Mexico has thousands of miles of Pacific coast, stretching from its northwestern border with California to its southern border with Guatemala. Most of this coast was populated with small fishing villages until the 1920's, when a new road system brought tourists. Luxury hotels sprung up in Acapulco, followed by Puerto Vallarta, which gained international fame in the 1960's, when Elizabeth Taylor and Richard Burton filmed "Night of the Iguana" there and bought a seaside villa.
The Mexican government aggressively promoted the building of resorts along the Pacific coast during the 1970's, dubbing the stretch between Puerto Vallarta down to Manzanillo the "Costa de Oro," or "Gold Coast." But the entire coast, known as the Mexican Riviera in the U.S. cruise industry, is famous for pristine beaches set against stunning cliffs, coves and verdant jungle landscape.
The cruise industry actually owes a debt of gratitude to the Mexican Riviera. The scenic, tourist-friendly ports of call provided the backdrop for television's "The Love Boat" in the 1970's and brought towns such as Puerto Vallarta and Cabo San Lucas to the attention of Americans everywhere.
Today, the Mexican Riviera is the fourth most popular cruise destination in the world and is rapidly building a reputation as a Caribbean alternative, particularly as cruise lines are assigning newer and bigger ships to the region -- not to mention introducing year-round service.
Best Time To Go
The Mexican Riviera is truly a year-round destination. Temperatures remain balmy (in the 70's and 80's) most of the year. August and September can be on the hot side, with temperatures in the 90's coupled with humidity that can be a little unpleasant. Some cruise lines (such as Royal Caribbean and Carnival) offer year-round voyages, though the majority focus on itineraries from September through May.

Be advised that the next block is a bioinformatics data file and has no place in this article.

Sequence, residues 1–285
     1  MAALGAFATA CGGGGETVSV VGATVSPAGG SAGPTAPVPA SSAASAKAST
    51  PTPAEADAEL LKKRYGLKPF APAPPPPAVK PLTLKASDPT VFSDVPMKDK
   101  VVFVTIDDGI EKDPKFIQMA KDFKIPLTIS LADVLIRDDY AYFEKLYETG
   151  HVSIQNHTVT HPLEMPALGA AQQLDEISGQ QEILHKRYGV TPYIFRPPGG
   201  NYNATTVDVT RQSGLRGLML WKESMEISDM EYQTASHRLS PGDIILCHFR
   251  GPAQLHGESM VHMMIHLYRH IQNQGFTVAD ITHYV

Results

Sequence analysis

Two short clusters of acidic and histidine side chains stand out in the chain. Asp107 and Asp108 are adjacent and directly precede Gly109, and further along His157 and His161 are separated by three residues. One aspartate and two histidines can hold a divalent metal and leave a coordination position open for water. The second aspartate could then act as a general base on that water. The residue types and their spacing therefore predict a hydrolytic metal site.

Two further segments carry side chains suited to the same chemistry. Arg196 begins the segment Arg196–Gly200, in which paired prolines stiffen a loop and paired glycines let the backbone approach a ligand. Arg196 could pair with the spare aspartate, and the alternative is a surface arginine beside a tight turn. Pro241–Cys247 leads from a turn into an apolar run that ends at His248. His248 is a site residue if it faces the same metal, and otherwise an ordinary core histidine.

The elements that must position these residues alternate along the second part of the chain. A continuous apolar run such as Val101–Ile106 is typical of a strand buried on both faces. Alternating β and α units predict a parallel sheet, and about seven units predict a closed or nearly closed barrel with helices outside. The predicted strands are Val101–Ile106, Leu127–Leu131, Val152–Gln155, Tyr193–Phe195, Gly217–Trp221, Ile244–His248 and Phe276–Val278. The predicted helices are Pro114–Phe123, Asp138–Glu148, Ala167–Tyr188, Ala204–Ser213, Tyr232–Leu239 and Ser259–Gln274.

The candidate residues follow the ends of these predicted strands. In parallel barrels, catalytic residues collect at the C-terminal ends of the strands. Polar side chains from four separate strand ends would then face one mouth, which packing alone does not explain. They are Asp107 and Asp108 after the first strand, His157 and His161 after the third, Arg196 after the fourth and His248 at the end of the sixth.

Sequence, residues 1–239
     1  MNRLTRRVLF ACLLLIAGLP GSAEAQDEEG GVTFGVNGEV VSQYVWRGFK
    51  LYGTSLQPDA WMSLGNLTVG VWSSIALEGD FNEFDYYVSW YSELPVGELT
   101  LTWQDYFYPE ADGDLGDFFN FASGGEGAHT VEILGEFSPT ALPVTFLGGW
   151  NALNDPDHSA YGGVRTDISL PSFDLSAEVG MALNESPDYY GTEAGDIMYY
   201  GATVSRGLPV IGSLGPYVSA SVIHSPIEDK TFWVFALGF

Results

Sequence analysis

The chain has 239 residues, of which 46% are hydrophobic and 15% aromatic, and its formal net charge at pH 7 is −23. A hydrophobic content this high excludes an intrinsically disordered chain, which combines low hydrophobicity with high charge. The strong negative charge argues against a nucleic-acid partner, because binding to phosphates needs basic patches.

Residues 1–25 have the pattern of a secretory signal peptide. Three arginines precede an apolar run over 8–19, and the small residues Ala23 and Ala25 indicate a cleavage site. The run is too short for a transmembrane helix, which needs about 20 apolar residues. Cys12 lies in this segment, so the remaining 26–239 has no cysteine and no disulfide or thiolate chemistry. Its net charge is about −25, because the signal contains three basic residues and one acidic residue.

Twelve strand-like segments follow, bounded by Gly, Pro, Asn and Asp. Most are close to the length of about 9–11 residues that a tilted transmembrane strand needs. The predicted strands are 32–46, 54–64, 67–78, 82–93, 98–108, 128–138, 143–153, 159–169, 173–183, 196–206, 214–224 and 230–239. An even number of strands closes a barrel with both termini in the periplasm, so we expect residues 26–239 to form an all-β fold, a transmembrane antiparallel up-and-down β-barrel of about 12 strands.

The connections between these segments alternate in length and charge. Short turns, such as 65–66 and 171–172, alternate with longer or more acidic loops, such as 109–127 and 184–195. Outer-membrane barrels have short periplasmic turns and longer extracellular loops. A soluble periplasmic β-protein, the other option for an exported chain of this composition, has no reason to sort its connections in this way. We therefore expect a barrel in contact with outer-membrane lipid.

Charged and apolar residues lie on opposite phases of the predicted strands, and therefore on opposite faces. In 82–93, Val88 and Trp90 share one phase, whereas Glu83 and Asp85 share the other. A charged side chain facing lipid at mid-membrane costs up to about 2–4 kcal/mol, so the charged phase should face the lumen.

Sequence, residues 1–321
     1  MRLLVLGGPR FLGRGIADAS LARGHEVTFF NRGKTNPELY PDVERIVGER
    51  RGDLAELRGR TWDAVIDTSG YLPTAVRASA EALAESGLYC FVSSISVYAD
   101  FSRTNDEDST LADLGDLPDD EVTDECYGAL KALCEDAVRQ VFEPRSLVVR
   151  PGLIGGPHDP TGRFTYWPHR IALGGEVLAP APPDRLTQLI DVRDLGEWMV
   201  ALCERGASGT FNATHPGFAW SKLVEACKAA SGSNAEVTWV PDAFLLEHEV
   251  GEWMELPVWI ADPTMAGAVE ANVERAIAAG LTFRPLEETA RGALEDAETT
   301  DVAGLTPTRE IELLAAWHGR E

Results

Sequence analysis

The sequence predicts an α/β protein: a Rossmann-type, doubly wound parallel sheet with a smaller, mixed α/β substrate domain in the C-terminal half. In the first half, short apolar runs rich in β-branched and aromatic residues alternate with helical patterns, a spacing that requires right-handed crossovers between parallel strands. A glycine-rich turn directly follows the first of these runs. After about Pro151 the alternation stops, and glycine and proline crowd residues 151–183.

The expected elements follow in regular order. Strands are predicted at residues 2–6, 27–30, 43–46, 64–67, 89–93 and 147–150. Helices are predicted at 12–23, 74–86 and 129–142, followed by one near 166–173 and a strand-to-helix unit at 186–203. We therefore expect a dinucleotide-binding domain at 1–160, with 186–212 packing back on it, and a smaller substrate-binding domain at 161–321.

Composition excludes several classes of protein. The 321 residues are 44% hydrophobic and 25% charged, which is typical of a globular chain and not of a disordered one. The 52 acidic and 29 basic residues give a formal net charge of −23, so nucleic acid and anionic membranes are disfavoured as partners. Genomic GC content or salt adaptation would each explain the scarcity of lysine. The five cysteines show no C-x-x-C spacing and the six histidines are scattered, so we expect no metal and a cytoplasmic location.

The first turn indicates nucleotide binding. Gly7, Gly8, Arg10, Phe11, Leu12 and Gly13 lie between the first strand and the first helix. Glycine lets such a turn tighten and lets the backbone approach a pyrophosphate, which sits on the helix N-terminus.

The majority of Mexican Riviera cruises start in Los Angeles, although there are some cruises from San Diego and an occasional departure from San Francisco. Carnival, the biggest player in the market, opened a new port facility in Long Beach recently at the former "Spruce Goose" hangar adjacent to the Queen Mary.
Which Cruise Lines Sail the Mexican Riviera?
Major cruise lines offering Mexican Riviera itineraries for all or part of the year include Carnival, Crystal, Holland America, Norwegian and Royal Caribbean. Others, like Silversea, incorporate Mexican Riviera stops into long Panama Canal itineraries.
Choosing an Itinerary
Variety and flexibility are key reasons why Mexican Riviera cruises are so popular. Carnival runs extremely popular three-night cruises from San Diego and Los Angeles to Ensenada. They also offer a four-night cruise to Ensenada that includes a stop on Catalina Island. Royal Caribbean sails three- and four-night cruises from Los Angeles on the refurbished Monarch of the Seas, with stops in Catalina, Ensenada and San Diego. These short "Baja California" cruises are perfect for first-time cruisers, family reunions and wedding parties.
Beyond these, seven-day cruises are the most popular option in the Mexican Riviera market, although some lines offer 8-, 10-, 11- and even 14-day itineraries.
Puerto Vallarta, Mazatlan and Cabo San Lucas are the traditional ports of call in a Mexican Riviera cruise. Acapulco and Manzanillo are two other frequent stops. The ports of Ixtapa and its neighbor, Zihuatanejo, are increasingly showing up on itineraries as well.
Not-To-Be-Missed Shore Adventures
For decades, Acapulco reigned as the ultimate Mexican Riviera resort town, a hangout for the international jet set. Though newer, trendier resort cities have sprung up in recent years, Acapulco hasn't lost its luster. The number of luxury resort hotels lining Acapulco Bay continues to grow. Four popular beaches -- Condesa, Los Hornos, Caleta and Caletilla -- provide numerous opportunities to enjoy water sports and sailing. Shopping in the high-end Zona Dorado district can lead to bargains, especially on European designer clothing and perfumes.
Acapulco's main attraction by far, though, is the cliff diving at La Quebrada. Throughout the day and early evening, young men make a perfectly timed, breathtaking dive from a steep cliff into a small cove of water below. The assembled crowd gasps and holds its breath until the diver surfaces, then climbs up the steep cliff to do it all over again.
Cabo San Lucas